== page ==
Looking Back: Samsung’s Fantastic Mirrorless Cameras of Yesteryear

If Samsung had just kept trying, they probably would have used their better technology to go after a new generation of photographers and could have rivaled Sony.

Samsung, like Sony, faced a pretty rough hill getting the respect of many a photographer. But after a while, they earned the respect of the press because they were making genuinely good products. Unfortunately, as soon as they really started to take off, Samsung pulled the plug. The company presented ideas that were very ahead of its time, such as putting Android into a camera, their specific interface for touch navigation, etc. While we can attest to the quality of their phones, I can also still testify to the quality of their cameras and their lenses.

When Samsung first started out, their cameras were really targeted to enthusiasts and hobbyists. Some of their best cameras didn’t have a viewfinder on it. Instead, you’d just use the giant LCD screen. And this is pretty rare among the camera world today. Most of what Sony, Fujifilm, and Canon offers in the APS-C world has a viewfinder. Yet when you look at how lots of new photographers shoot, you’ll see that they’re using the LCD screen instead. If Samsung had kept the options with a viewfinder on the camera targeted to the higher end shooter and stuck with LCD only for the consumers, they would probably still be in business today. 

Further, I genuinely feel like Samsung would have found a way to develop full frame sensor cameras and become an even bigger photography powerhouse. Their autofocus evolved to be not so bad after a time, and with extra time, it would have gone even further. 

Ultimately though, I still question whether or not Samsung would have stayed in the photo world. They’re a company that revolves around sales of lots of higher-end products than being a luxury company. These days, I feel like cameras themselves are mid-tier luxury products. No one really needs them except for professionals. And if you have one, then you’re probably either a professional photographer who makes taxable income from them or you’re a hobbyist that genuinely loves the art form behind it. You’re nowhere as stingy as the watch world, but you’re your own lot. Lots of you love tech, and Samsung is a great tech company. When it comes to art, you’re all split. Some of you don’t care and don’t get it. Others scratch the surface from what I’ve seen. Samsung, again, would have found a way to penetrate both worlds.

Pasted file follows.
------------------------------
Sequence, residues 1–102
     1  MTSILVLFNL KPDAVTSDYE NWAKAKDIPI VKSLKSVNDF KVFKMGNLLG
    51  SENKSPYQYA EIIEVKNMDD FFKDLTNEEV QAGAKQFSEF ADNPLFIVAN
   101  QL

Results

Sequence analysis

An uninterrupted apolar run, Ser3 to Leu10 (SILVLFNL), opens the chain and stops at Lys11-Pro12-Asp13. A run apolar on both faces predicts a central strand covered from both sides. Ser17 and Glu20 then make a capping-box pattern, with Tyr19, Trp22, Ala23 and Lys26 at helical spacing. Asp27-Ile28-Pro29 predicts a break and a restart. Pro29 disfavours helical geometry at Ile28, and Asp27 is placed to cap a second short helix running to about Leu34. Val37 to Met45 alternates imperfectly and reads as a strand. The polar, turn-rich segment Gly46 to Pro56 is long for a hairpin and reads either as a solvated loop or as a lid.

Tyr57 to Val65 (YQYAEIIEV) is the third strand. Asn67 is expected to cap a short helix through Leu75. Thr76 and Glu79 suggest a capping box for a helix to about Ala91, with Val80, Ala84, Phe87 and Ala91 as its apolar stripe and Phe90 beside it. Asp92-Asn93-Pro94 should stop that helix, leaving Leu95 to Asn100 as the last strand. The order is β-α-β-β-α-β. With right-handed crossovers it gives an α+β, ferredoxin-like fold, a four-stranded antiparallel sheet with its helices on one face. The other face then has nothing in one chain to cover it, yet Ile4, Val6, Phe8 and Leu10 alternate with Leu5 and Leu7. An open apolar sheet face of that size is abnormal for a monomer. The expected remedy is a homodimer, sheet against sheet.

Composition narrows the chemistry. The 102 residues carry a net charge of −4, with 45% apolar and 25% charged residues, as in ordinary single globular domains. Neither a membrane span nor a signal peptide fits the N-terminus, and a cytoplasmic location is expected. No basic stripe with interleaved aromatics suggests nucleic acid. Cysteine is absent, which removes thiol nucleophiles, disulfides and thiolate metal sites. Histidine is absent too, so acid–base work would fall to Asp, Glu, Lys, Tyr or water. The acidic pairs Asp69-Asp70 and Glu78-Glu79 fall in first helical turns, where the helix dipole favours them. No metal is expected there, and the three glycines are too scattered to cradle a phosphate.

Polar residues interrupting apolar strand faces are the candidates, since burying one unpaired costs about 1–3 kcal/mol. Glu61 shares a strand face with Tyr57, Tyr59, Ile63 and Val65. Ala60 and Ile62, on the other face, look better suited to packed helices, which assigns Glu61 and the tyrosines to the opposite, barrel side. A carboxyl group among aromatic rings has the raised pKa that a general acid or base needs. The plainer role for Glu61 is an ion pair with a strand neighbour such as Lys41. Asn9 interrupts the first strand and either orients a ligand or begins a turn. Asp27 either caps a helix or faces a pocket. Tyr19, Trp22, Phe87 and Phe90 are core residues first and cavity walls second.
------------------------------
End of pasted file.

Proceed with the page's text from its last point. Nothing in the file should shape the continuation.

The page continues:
If Samsung were to come back today, here’s what they would need to do:

  • A full-frame camera
  • Small primes
  • Limited Android interface built into the camera 
  • Adobe Lightroom Mobile built-in for sure
  • Optional data plan
  • A few zoom lenses
  • Not a big, chunky camera
  • A big LCD screen like their Galaxy phones with buttons, dials and such
  • Enhanced Bluetooth capabilities
  • A network of apps just for a Samsung camera
  • Ideally, buy out Pentax from Ricoh or Nikon.

This last point is probably going to hit home for lots of Pentax fans and Nikon fans. Nikon hasn’t been doing so great in the past few years, and Pentax has been bounced around and gutted from company to company. Samsung, years ago, had a special relationship with Pentax and using the K Mount. But I can see how a DSLR that did all of this could be very appealing, or creating a mirrorless K mount camera could also do the same thing. Sony followed this path after they bought Minolta.

Maybe one day, Samsung might actually return to the market. On second thought, I doubt it.

Chris Gampat

Chris Gampat is the Editor in Chief, Founder, and Publisher of the Phoblographer. He also likes pizza.